It has been 20 years since I was diagnosed with rheumatoid arthritis. The last two decades have been a long, surprising journey to say the least. The picture above was in 2008 on one of our many trips from California to Texas. We stopped to see the Grand Canyon, and I remember having some bad pain that day which made it really hard to walk around. You might wonder why most of these photos are a little grainy or blurry? I feel like that encompasses life with chronic pain. It can feel a little like you aren’t fully in a place mentally.
Most readers and friends are always curious, how is it living with chronic pain every day? Each day, I get asked this dozens of times on Instagram.
I know there are many of you suffering with pain as well, so I hope this can inspire, comfort, and help you get through it.
First, I would like mention not every day over the years has been painful. Some days have been great, others miserable, some very hard, and many a combination of both.
As a child, chronic pain was confusing. I would wake up as a young 10-year-old in so much pain throughout my joints. The pain didn’t make sense to me, so I usually just tried to do all the things I always did. Running, playing sports, goofing off with friends, and all the things intermediate school kids do.
Many times, I couldn’t do those things. It was embarrassing because no one understood the pain either. Although they didn’t mean it, many of my friends would make fun of me for having an “old persons” disease. Teachers doubted the truth behind it until I started bringing notes from my rheumatologist explaining I had Juvenile Rheumatoid Arthritis and suffered with pain, fatigue, being withdrawn, and doing normal activities. None of my teachers or peers meant to be this way, they simply didn’t comprehend what was happening.
I spent many days in junior high and high school going to the Scottish Rite Hospital in Dallas for treatment. My knee was always so swollen and almost to the size of a cantaloupe. They would drain it, inject it with steroids, and send me home with medicine.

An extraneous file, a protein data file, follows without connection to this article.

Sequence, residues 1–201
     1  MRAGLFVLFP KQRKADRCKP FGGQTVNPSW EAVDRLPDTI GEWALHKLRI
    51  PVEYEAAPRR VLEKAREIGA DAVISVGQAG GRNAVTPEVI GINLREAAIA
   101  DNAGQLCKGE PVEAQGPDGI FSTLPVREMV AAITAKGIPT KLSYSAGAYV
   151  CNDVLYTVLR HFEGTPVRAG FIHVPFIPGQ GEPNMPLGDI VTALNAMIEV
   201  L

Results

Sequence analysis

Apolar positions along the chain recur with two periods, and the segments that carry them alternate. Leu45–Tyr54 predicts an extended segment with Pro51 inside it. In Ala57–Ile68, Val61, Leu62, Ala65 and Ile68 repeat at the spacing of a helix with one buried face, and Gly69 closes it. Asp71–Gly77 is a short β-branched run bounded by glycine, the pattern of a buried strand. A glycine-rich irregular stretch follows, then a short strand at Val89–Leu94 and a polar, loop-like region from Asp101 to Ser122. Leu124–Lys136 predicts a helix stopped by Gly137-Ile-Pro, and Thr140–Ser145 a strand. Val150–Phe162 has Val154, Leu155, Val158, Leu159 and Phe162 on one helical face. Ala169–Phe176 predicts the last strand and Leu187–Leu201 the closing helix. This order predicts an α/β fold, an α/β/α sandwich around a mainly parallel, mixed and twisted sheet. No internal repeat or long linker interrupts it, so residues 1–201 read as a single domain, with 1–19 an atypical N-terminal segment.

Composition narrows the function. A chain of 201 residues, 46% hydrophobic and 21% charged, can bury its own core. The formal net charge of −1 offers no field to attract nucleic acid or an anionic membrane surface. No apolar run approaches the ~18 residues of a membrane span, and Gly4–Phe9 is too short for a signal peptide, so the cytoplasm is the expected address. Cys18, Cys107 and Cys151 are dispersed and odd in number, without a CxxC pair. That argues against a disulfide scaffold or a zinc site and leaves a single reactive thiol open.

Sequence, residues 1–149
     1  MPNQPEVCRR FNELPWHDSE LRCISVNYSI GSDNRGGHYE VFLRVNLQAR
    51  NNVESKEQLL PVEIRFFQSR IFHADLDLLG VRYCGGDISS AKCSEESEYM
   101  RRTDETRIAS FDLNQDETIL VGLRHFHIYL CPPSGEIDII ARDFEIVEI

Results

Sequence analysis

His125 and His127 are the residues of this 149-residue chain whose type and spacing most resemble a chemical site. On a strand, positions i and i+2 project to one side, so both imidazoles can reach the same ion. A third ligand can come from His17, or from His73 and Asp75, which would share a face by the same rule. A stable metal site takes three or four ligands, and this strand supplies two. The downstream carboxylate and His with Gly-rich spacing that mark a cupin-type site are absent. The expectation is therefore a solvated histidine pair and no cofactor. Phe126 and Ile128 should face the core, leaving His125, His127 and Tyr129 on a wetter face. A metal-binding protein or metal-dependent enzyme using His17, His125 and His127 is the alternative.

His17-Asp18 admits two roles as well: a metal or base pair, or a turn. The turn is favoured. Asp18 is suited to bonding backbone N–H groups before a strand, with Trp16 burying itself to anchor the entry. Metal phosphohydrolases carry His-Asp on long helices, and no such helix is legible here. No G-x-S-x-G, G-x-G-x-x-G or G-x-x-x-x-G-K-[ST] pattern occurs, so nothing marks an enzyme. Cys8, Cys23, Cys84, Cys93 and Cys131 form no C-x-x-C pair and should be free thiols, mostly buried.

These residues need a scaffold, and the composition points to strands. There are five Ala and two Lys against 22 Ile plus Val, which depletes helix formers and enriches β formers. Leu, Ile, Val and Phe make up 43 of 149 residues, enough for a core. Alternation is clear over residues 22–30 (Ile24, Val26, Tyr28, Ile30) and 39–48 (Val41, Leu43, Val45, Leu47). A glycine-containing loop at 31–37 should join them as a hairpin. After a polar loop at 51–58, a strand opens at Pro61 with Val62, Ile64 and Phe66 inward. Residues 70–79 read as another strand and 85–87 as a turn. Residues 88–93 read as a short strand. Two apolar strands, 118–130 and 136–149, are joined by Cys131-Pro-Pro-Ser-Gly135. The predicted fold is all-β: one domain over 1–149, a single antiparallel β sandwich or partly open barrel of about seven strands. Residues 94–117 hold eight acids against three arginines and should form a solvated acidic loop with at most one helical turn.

When my husband and I got married 10 years ago, everyone warned him that living with someone who had a disease like mine would be challenging. Of course, he didn’t care about that. He was honored to marry me and take care of me.
The arthritis at this time in my life had gotten a little worse. My knee was still a problem joint, my elbow had begun to hurt, and I had some issues with my feet, ankles, and toes.
At this point, I had taken almost every drug on the market. Most didn’t really help, but at 20 I started taking biological injections. I took Humira, Enbrel, and Simponi over the years. It was the first time in almost 10 years I had relief. They helped tremendously, and I felt like I was getting back to normal. I still had pain daily, but not as bad.
Then, my husband got very sick. He was diagnosed with ulcerative colitis at 21, and within 2 years he had the beginning stages of colon cancer. The suffering and chronic pain he endured was unreal. His pain affected his life more than mine ever had. He was in the Marine Corps, and missed so many days of work because he couldn’t get out of the bathroom. Seeing him suffer like that was hard, but I felt closer to him because I knew suffering and pain.
Strangely, I forgot all about my joint pain those few years. I still had it, but it didn’t matter anymore. My husband needed me to be strong and able, so I prayed the Lord would sustain my pain so I could help him. God answered my prayers.
At 23, he had his entire colon removed with a very intrusive surgery. A few months later he had another surgery to reattach his small intestines to his new J-pouch inside.
The pain he endured during those months was inconceivable. He was cut at least 13-14 inches all the way down. He would cry out in pain every night, regretting his decision. Then he dealt with a bad wound that wouldn’t heal, so he had to have a wound vac. The sponges they put in every week would attach to the skin, then the skin would grow into the sponge.